What’s happening to our beloved country?
Veteran reggae artiste Richie Stephens says the recent flare-up of crime and violence across the island has left him feeling sad. In an interview with The Gleaner, Stephens reminisced on the days when Jamaicans would look out for each other and handle disagreements with less aggression. He says that although crime and violence has always been a part of the nation’s fabric, it has risen to unimaginable levels and has left many with a sense of hopelessness.
“People are just so much more aggressive these days. Is like you and another person can’t have a disagreement and it nuh lead to some big thing any more. Is like everybody a try prove something,” he said. “What’s happening to our beloved country is very very sad. As beautiful and as wonderful as this country Jamaica is, crime and violence is just one of the things that really put a damper on the people and the country itself. And things only a get worse every day. We not seeing any improvement. We not seeing any reduction in crime. I just hope and pray that God will help us all,” said Stephens.
GIFT OF LIFE
His colleague and dear friend, Little Lenny, shared similar sentiments. Saying that gone are the days when people had regard for the gift of life, the ‘90s dancehall deejay says it is considered a huge blessing today when people live past a certain age.
“The way things a gwaan yah now, if yuh live past 40, yuh count yuh blessings and dat a young, young person same way,” he said. “A beer young people inna dem teens and inna dem 20s mi see a dead from wah day. Dat sad innu. Jamaica way too nice and have way too much potential fi we a live like this. Why we cant live in love and peace?”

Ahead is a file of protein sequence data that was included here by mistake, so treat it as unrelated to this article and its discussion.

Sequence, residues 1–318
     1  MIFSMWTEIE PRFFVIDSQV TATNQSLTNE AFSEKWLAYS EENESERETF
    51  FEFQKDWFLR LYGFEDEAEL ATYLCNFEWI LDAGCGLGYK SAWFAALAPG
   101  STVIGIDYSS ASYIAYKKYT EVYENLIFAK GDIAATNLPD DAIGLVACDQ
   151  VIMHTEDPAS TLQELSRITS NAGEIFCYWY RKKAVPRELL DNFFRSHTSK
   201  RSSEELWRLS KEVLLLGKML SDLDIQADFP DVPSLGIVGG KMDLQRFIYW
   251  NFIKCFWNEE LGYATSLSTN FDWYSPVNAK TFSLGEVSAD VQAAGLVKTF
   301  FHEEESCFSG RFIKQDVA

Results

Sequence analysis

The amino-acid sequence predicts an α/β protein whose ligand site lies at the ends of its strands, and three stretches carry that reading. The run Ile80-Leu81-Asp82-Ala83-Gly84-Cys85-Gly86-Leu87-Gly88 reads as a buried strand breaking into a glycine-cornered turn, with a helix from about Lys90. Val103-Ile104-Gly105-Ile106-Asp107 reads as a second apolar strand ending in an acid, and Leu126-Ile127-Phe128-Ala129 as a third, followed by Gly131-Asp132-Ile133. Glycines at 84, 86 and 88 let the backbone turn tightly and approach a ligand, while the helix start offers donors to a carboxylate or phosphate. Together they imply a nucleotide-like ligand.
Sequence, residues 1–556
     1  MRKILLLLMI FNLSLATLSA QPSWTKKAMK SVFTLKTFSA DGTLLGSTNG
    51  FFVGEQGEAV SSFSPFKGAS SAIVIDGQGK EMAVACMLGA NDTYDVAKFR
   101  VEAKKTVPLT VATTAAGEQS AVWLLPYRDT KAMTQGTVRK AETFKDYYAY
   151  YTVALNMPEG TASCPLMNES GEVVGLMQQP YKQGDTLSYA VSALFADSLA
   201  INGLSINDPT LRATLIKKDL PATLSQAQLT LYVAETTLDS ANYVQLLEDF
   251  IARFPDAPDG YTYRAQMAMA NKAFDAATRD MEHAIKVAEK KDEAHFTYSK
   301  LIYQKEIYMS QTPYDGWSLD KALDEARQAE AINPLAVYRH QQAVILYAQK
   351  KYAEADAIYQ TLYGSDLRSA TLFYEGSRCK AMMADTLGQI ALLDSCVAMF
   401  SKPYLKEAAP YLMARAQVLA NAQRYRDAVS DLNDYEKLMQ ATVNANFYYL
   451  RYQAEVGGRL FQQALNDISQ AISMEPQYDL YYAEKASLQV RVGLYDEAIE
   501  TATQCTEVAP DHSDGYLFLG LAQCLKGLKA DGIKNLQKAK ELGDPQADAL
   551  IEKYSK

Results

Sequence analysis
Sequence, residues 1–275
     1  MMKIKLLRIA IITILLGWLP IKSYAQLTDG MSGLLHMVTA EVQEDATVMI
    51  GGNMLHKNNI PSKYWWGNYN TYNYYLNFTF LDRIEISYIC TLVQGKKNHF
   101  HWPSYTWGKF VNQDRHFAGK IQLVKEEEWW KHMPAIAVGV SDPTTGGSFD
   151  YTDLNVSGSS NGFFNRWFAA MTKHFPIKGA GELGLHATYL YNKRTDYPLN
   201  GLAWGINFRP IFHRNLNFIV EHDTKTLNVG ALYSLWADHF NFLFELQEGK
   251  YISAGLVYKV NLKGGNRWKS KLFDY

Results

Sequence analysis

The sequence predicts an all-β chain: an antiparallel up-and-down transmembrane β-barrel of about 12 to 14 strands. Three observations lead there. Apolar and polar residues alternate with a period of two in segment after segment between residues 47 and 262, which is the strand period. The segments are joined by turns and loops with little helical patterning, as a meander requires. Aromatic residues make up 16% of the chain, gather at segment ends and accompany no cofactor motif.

The pair, who are still grieving the loss of veteran singer Yvonne Sterling, who died on January 18 after suffering a stroke weeks before, said that with crime getting so out of control, one has to cherish each day with one’s loved ones as if it was the last. They are encouraging warring factions to ease up on the senseless killings. The murders, they say, are only driving more fear into people who have already lost hope in many ways.
According to statistics released by the Jamaica Constabulary Force, 74 murders were recorded in Jamaica between the period January 1-18. That figure is 13 murders higher than the one recorded during a similar period last year. Twenty-five people were killed and several injured in separate attacks in the western parish of St James and south-eastern parishes of Kingston and St Andrew. Triple murders were recorded in Allman Town, Kingston, as well as Norwood and Salt Spring in St James.